Oscar and Lucinda is a feat. It is a huge accomplishment, and you are aware of that as you read it (I think I mentioned Midnight's Children is a bit like that; it is even more prominent in Oscar and Lucinda). The book is meticulous. Carey paints a careful, rich landscape of backwater England and Australia in the mid 1800s -- not only the physical attributes, but a landscape of culture and society. Carey must have been entrenched in his research, because he entrenched me, as a reader, in his backdrop. He also created several fascinating characters. He had an almost Dickensian way of weaving their lives together in the beginning, drawing them closer so that you began to guess at how they would interlock before they knew. There is nothing simple about his characters and he creates a careful landscape of their personalities in the same way that he crafts a landscape of the scene.
But I have to admit, while I understand why Oscar and Lucinda won a Booker, I cannot for the life of me understand how this was shortlisted for a Best of the Bookers, especially when The Famished Road, The Remains of the Day, and Michael K. were all left off. Not to mention A Sacred Hunger or Schindler's Ark. Oscar and Lucinda was a feat of historical fiction and a total force of a book, but it didn't have the heft that some of these other books have. It reminded me of those footballers that have technical ability but no spark. You watch them play and it seems like great soccer. But then you see Pele, or Ronaldinho, or Michelle Akers, and then you get what soccer is really supposed to be. The Famished Road and The Remains of the Day are Ronaldinho. Oscar and Lucinda is Germany, circa 2002.
I never was totally sucked in. I felt that the characters were clinical; his descriptions were perfect and deep, but I was an impersonal spectator to the story. I didn't join the characters; I wasn't invited to do so. I'll give Carey the benefit of the doubt and guess that it is a technique, a writing-style-reminder of Oscar's father. But of course, Oscar's father's descriptions of nature were poetic, even if he didn't live his life with poetry. So I don't know.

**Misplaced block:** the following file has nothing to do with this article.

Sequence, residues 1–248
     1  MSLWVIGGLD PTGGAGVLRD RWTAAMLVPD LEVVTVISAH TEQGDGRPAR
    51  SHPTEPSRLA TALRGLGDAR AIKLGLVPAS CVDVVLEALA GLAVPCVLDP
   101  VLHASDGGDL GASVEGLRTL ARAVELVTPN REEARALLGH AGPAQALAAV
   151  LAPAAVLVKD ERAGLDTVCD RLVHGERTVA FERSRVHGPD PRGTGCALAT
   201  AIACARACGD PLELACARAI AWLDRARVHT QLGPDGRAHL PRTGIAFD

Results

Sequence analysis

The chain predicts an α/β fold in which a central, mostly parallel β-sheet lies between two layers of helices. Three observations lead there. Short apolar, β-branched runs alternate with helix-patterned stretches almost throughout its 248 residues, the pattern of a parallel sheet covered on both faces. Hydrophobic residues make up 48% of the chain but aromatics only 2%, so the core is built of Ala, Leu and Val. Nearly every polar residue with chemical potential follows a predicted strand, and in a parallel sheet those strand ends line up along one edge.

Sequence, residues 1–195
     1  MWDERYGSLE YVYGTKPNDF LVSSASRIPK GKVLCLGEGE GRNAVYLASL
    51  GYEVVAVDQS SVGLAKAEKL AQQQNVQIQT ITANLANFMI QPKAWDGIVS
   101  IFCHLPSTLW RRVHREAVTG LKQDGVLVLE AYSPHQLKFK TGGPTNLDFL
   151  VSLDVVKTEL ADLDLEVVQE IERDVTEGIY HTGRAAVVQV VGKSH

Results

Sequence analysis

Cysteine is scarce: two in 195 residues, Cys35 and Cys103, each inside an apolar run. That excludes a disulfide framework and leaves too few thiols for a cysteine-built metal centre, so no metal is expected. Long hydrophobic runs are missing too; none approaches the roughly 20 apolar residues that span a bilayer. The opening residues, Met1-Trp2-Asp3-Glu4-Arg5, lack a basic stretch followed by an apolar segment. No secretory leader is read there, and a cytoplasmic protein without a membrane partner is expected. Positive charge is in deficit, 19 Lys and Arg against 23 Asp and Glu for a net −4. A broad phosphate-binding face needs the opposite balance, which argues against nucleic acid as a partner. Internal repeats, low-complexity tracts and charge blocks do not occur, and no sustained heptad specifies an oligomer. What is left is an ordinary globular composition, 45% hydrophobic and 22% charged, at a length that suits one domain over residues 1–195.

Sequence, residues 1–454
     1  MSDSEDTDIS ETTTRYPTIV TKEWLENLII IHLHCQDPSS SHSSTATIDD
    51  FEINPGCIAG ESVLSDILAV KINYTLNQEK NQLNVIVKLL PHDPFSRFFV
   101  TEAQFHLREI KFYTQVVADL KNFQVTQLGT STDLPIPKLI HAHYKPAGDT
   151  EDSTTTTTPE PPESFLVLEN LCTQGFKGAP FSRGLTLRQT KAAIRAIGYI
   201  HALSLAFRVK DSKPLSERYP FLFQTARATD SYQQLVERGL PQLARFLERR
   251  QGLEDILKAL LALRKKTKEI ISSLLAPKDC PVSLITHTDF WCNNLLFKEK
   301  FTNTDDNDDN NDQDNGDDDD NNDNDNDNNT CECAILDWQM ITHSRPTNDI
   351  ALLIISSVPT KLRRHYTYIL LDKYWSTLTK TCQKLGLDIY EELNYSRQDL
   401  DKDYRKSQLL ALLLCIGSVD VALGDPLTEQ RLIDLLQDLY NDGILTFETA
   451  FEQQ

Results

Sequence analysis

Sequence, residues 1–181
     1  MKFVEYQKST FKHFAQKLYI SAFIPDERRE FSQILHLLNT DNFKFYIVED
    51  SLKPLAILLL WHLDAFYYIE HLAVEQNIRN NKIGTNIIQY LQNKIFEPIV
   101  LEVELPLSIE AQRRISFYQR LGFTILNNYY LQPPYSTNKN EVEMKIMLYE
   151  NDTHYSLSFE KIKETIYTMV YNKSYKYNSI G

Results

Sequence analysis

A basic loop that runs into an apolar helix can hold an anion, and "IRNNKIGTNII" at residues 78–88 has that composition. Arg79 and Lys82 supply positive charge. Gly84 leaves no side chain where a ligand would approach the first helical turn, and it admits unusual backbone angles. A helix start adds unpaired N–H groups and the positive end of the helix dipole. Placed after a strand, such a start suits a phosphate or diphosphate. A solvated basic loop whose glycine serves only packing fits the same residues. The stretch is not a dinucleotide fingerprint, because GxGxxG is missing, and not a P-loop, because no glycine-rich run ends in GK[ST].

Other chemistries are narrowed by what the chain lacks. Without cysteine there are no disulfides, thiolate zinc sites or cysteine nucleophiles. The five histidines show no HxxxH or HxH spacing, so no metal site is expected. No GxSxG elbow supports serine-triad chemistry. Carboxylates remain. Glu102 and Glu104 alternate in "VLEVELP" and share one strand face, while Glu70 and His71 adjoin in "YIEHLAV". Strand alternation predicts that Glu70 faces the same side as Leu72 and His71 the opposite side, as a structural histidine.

Of course, Oscar and Lucinda, as characters, were fiercely set off from society and Carey's writing may try to reflect that. But you can just look to The Bone People (which perhaps I should not have read right before taking this book up) for an example of writing that totally embodies the alienation of some seriously flawed characters who did truly hateful things, and yet still brought you with them on their journey, made you care about them not just in spite of (because of?) themselves. Oscar and Lucinda was brilliantly written, but the writing and the characters, for me in the end, did not resonate. I didn't actually care about where they were going. Because of that, the Dickensian paths registered less powerfully than they ought to have. Again, I viewed the characters clinically and so I viewed their stories clinically. Also, in my opinion the vastly more interesting story happens (he tells us) after the novel ends; and in fact, I think the two most interesting stories happen after the novel ends.
In the end, I deeply admire this book, but I do not love it.
In other news, my soccer analogy made me look up Youtube videos of those guys. They are so badass.